But in the rendering of the great 18th century masters—to go back no further—here is a something that has been lost, of only quite recently (perhaps, therefore, only mislaid'), which was a highly-cherished characteristic of the school of the Bel Canto. You are only too well aware that these old masters did not content themselves with straight-forward melodies. It was their habit to embroider them. The modern generation ask, Why, in heavens name, if they could write such delicious tunes, did they not 'leave well enough alone'? Why not? Because, experiencing the sensations peculiar to their epoch, they did not feel that they had expressed themselves in sufficiently varied fashion unless they introduced some vocal contrast redolent of the art of their day. They were not in a hurry to reach the coda; and, unlike most modern composers, their first thought, as a rule, was to 'give the singer a chance.' 
Well, they often did so by dint of every florid device that occurred to them- runs, divisions, ornamentations, brilliant passages of every imaginable description; yet always (such was their genius and their skill) conceived in the spirit of the rest of the piece—that is, in complete harmony with the main design, and no less calculated, according to their belief, to give it vivid an vigorous musical expression. Naturally, therefore, they expected from the singer a rendering entirely in character with their music- not merely a neat execution of their runs and ornaments, but, together with the right energy and accent, a faithful portrayal of the emotion of sentiment conveyed by the text. 
It is the power of the understanding to do this that I find missing in the oratorio singers of to-day. Indeed, I may say that I have heard no examples of what I amy call the heroic oratorio style for a very long while. The last Englishman who possessed it in the supreme was Santley. When he sang Why do the nations? or Revenge, Timotheus,  you felt that his runs were something more than exercises thrown in for effect. They illustrated and enforced the argument of his theme. Again, I have never heard anyone sing Rejoice greatly or From mighty Kings as did Tietjens. Nilsson sang one and Adelina Patti the other brilliantly enough, and so that their luscious tones penetrated to the farthest corners of the centre transept of the Crystal Palace. So far, it was Bel Canto, to be sure. But neither of those gifted sopranos imbued their runs with the extraordinary dramatic quality, the intensity of exaltation, that Tietjens brought to bear, and, as I am told, Jenny Lind had brought to bear upon the same music before her. Far back in the 'seventies, too, I heard several times another great oratorio and opera singer, a basso cantante named Agnesi, a favorite at all the festivals, as well as at Her Majesties Theatre. His coloratura was like a woman's, his Rossini as easy and graceful as the song of a bird. But in Handel he declaimed his runs with just that wonderful dramatic sense that I speak of, and made them contribute their full share towards the realization of the poetic idea. How I wish that this rare and remarkable feature of bygone Handelian singing could be revived!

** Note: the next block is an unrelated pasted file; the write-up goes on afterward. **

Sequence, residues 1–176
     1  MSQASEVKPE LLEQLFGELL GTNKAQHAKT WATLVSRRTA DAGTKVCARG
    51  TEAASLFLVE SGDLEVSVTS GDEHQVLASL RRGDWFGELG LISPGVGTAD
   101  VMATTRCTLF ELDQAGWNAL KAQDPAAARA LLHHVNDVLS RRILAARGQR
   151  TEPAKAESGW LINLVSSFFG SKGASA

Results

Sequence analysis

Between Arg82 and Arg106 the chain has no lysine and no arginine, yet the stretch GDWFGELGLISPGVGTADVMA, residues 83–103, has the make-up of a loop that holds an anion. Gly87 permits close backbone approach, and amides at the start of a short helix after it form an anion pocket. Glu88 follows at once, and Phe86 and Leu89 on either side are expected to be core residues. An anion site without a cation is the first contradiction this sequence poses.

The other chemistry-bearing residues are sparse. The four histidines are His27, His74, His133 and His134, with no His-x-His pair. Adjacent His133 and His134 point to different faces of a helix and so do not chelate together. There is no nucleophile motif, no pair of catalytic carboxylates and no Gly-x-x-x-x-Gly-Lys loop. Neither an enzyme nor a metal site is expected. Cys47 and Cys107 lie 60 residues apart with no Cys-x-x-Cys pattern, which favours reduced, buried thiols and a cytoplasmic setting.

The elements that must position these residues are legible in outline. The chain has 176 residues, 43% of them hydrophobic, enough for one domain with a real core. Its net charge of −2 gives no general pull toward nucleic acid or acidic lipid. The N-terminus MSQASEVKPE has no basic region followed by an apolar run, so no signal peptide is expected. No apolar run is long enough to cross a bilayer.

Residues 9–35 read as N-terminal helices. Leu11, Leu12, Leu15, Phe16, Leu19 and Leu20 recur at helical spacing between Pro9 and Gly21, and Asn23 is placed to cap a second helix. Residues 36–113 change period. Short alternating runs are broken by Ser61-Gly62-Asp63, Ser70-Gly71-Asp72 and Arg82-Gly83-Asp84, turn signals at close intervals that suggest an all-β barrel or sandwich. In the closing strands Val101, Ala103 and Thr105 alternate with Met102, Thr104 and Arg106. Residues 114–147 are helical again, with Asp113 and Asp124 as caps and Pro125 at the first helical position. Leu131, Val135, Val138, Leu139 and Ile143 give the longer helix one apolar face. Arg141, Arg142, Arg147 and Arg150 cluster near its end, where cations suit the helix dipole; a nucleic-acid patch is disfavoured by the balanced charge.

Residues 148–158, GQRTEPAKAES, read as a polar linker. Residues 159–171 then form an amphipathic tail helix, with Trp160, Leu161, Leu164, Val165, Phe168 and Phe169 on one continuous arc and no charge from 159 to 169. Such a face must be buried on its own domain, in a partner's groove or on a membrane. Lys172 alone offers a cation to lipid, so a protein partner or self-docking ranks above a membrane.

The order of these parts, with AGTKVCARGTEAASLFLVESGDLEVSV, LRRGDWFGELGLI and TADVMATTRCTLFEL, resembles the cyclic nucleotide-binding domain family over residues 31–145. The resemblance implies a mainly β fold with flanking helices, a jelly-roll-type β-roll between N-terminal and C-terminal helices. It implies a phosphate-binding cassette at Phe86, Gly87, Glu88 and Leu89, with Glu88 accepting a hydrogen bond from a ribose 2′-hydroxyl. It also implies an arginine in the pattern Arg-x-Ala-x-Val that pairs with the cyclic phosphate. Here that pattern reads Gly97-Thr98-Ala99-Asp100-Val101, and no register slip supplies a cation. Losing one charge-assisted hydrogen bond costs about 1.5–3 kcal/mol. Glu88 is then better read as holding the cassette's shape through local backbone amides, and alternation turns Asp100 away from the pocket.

(5.) In what I have just been saying I may have trenched slightly upon points that properly belong to the fifth second of my scheme. If so, it only proves how closely these various branches of the subject are allied; and, besides, there was already much more to say on such topics as Phrasing, Diction, Expression, and Interpretation, than space could possibly permit me to add now. It might suffice to observe that the Bel Canto is bound up with the demonstration of all these attributes. So it is. But everybody does not believe it. There are to-day those who think, in their wisdom, that the grand old school of Italian singing, taught by Manuel Garcia, Lamperti, and few of their contemporaries, paid little heed to the form or character of the musical phrase; to the value of the consonant; to the pure sounds of the vowels other than those of their language; to the vocal colour demanded by the sense of the text; or, in short, any nuance of utterance or expression that might perchance interfere with uninterrupted flow of this precious Bel Canto. Nothing could be further from the fact. The combination which the old teachers sought to embody in their art was not less rare and wonderful than that which they looked for and sometimes discovered in the virgin talent of their pupils. I repeat that the Bel Canto must be all-comprehensive to be worthy of the name. It must be all-beautiful. It must be beautiful in itself, and it must lend an additional beauty to the music which it interprets; it must, moreover, reflect and convey the beauty of the language to which that music is allied. The pitfalls of speech and language seem to be endless, bottomless. Yet good singing can avoid or overcome them all. It unites singing and speaking into a single act, merges the word into the tone, and makes each free from the interference of the other, whilst preserving the true sound and the natural quality of both. The rest lies with the mentality and temperament of the artist.